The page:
Private Space Gone Public at Wall Street
Friday, October 14, 2011
Kurt Andersen and Michael Kimmelman head to Lower Manhattan to check out the transformation of Zuccotti Park, the plaza at the center of the Occupy Wall Street protest. Kimmelman is the architecture critic for the New York Times. The protesters haven’t built permanent structures, but Kimmelman believes they are creating a form of urban space. His article on the subject appears in the Times this weekend.
The protesters' use of the space has ancient roots, Kimmelman believes. "There's this wonderful passage in The Politics by Aristotle in which he talks about a polis shaped by the distance of a herald's cry — meaning a civic space, a city functioning in which people have the ability to meet face to face to speak with each other."
Zuccotti Park sits on private property. In the 1960s, the developer of an office tower (now called 1 Liberty Plaza) wanted to build nine stories higher than the zoning permitted, and a deal was struck to create a little outdoor plaza in exchange for those extra stories. "The most delicious irony of the whole thing," Kimmelman says, is "because Zuccotti Park is a private property, it isn't subject to the same rules as city parks. Because of a zoning variance it has to be open day and night, unlike a public park. Because it's a private park, it's more public."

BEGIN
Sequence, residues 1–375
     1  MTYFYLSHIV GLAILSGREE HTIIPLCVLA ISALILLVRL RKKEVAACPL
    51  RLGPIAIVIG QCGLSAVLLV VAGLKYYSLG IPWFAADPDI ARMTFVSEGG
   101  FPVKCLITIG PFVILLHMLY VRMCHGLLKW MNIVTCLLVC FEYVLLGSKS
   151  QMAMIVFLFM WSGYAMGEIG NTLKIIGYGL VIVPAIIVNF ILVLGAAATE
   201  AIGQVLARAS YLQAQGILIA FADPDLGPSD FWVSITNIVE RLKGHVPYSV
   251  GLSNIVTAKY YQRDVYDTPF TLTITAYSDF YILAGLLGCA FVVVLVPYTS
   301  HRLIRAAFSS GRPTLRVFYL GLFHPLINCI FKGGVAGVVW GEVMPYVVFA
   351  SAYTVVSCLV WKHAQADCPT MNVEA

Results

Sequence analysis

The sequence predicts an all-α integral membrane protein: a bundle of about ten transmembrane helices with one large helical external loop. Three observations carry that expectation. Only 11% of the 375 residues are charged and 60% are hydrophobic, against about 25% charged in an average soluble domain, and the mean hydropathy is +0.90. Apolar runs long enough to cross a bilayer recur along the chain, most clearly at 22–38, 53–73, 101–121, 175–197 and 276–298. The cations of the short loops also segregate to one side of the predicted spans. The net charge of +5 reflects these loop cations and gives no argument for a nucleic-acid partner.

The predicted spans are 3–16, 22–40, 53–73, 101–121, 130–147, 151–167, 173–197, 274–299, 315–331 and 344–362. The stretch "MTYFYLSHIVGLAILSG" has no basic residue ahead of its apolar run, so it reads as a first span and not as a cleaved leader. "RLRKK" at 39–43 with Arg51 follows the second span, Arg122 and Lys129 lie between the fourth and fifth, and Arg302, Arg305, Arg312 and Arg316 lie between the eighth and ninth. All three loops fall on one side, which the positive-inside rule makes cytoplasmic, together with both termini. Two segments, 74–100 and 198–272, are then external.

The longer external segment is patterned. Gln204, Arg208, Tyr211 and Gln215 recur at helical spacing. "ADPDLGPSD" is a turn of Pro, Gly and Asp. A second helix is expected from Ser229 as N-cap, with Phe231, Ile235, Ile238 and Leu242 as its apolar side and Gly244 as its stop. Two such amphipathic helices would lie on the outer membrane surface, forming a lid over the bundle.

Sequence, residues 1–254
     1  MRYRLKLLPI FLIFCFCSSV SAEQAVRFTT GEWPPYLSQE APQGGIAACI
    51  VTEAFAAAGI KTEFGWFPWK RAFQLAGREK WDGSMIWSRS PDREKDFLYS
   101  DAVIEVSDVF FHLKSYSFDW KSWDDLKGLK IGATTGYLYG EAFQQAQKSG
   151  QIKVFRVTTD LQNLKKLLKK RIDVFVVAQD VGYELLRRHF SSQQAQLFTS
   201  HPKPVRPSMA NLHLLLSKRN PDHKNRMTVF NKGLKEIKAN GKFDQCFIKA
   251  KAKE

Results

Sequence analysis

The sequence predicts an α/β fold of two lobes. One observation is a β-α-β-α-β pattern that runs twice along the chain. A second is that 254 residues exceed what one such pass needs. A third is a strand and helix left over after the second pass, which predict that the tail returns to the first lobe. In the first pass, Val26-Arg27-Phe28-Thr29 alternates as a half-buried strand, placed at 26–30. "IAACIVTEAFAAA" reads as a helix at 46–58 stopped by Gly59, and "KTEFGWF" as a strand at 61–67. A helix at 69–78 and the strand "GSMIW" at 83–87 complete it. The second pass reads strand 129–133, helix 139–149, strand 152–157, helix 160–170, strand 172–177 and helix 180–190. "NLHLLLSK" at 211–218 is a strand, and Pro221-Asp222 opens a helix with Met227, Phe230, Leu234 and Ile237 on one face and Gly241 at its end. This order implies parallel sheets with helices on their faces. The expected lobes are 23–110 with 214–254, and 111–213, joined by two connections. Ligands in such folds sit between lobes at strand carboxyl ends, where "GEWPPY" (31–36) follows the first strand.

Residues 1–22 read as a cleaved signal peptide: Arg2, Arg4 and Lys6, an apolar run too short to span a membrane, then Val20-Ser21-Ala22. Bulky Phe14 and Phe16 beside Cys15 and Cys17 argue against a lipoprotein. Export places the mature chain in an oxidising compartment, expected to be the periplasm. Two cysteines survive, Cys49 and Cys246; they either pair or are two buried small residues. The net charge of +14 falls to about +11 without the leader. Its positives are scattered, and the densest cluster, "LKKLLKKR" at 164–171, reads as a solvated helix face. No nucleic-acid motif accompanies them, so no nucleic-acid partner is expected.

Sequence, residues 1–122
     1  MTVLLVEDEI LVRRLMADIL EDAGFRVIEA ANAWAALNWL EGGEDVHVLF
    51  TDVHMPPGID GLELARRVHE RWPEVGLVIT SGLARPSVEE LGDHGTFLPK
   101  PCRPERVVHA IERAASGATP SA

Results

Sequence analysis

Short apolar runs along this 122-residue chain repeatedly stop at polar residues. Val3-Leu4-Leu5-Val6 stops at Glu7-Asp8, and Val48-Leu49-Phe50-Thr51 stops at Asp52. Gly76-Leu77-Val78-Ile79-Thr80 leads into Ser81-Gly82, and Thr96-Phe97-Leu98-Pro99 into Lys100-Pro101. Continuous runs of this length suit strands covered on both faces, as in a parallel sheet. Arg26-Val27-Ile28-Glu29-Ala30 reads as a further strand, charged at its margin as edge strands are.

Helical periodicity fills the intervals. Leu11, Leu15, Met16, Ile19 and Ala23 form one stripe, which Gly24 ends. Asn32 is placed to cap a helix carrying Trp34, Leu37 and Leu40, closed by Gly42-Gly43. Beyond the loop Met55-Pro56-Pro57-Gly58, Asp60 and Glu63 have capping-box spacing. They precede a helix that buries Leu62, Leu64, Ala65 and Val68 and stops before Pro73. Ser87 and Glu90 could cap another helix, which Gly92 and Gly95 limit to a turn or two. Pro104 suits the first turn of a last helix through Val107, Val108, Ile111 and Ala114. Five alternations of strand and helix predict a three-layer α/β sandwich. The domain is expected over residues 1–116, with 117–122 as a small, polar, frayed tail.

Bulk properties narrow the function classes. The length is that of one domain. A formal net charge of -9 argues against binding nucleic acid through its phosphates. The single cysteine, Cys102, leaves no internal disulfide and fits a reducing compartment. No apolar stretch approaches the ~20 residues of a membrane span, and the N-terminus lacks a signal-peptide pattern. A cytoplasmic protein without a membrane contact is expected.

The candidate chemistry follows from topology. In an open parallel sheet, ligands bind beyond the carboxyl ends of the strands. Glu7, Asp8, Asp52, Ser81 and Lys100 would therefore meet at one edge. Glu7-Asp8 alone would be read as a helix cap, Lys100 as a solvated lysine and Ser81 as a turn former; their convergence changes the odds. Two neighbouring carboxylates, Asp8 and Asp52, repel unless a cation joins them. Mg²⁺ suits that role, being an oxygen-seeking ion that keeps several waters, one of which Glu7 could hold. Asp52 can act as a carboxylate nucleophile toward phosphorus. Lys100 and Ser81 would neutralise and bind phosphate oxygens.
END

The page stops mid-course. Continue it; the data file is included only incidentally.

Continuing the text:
Before this past month, Zuccotti Park was not really a place people lingered, and most New Yorkers had never even heard of it. It was just a bit of concrete that workers raced through on their way to the buildings surrounding it. Kimmelman thinks the park, now filled with people talking and exchanging ideas, is the nicest he's ever seen it: "It really works when it's occupied, when you really get a lot of people in it. The people make the place, as always."
What do you think? Is the use of public space by the protesters — on Wall Street and in your city — appropriate? Tell us in a comment below.
Slideshow: On Location at Zuccotti Park
For What it's WorthArtist: Public EnemyAlbum: He Got GameLabel: Polygram UKPurchase: Amazon